Selective enrichment of Burkholderia pseudomallei outer membrane vesicles for vaccination against melioidosis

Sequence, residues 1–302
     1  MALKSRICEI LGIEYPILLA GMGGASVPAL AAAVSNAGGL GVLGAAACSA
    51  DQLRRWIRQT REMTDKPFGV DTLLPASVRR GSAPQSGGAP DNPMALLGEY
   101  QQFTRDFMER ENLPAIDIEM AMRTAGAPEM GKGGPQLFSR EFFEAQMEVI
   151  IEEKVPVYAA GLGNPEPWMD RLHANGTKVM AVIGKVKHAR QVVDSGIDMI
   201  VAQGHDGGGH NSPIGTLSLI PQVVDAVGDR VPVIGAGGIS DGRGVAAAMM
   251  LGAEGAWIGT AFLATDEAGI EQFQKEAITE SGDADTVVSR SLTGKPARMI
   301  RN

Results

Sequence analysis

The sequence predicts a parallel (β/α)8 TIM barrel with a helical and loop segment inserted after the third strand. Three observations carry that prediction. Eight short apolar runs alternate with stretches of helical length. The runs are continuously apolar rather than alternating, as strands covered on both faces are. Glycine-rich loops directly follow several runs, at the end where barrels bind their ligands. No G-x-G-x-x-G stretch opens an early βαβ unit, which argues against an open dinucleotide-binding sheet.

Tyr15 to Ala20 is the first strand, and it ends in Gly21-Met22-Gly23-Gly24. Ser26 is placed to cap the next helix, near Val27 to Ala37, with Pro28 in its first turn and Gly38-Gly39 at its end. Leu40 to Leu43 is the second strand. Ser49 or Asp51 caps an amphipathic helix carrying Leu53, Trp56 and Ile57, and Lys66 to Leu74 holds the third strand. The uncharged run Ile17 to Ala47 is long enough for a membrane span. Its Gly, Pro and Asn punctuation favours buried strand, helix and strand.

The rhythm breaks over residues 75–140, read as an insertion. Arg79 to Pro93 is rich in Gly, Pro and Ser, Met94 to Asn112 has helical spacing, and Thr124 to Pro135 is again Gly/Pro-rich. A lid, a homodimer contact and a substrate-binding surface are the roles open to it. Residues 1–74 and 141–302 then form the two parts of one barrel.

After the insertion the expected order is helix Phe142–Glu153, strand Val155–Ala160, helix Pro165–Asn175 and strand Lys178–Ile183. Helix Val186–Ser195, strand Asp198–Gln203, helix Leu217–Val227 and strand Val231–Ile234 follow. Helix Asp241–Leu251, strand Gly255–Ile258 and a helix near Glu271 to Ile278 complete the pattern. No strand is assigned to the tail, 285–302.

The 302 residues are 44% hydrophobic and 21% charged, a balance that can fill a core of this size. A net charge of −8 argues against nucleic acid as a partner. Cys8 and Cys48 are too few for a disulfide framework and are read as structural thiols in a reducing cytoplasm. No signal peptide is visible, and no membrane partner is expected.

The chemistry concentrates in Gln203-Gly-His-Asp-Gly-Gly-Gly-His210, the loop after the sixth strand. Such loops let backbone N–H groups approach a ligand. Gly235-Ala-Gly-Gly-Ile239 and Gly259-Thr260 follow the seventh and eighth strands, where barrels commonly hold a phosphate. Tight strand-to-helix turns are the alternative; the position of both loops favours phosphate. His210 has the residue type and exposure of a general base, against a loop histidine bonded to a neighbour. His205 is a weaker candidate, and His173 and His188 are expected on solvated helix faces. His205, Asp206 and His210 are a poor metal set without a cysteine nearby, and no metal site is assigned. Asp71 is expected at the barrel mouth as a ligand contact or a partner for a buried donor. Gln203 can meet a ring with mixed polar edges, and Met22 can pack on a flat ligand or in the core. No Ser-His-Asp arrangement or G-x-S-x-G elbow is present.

Burkholderia pseudomallei (Bp) is the causative agent of melioidosis, a disease with a mortality rate of over 40%, and is a major public health concern in the endemic regions of Thailand and northern Australia. Bp is a resilient pathogen capable of surviving in diverse environments including soil, fresh and seawater, and plant and animal tissues for extended lengths of time. Bp is intrinsically resistant to antibiotics, which contributes to persistence and relapse in over 25% of melioidosis patients, and there is currently no vaccine. Our lab has previously shown that immunization with Bp outer membrane vesicles (OMVs) derived from Bp grown in Luria Burtani broth provides significant protection against melioidosis in mice. However, this protection was limited to the acute phase of infection and animals immunized with OMVs were unable to clear the bacteria. In this work, we show that by manipulating the growth media to simulate various bacterial niches, including the natural hypertonic soil environment (NaCl-supplemented), the limited-nutrient host macrophage intracellular environment (M9CG minimal media), and quorum sensing conditions (QS-molecule supplemented), OMV protein content can be modified to include those proteins potentially important for Bp survival and may contribute to protection against chronic or persistent infection. Here, we characterize the composition of selectively enriched Bp OMVs and demonstrate that enriched OMVs are non-toxic and well-tolerated both in vitro and in vivo. Immunization of BALB/c mice with QS OMVs elicits significantly greater OMV-, CPS-, and LPS- serum IgG along with cell-mediated immune responses compared to mice immunized with LB OMVs. LB, M9CG, and QS OMV immunization provided equal protection against aerosolized Bp through the acute phase of infection, and M9CG OMV-immunized mice demonstrated fewer signs of morbidity and less weight-loss over the course of infection, indicating potential control of the bacteria. These results suggest that immunizing with OMVs selectively enriched with intracellular proteins may elicit the necessary immune responses to protect against persistent melioidosis.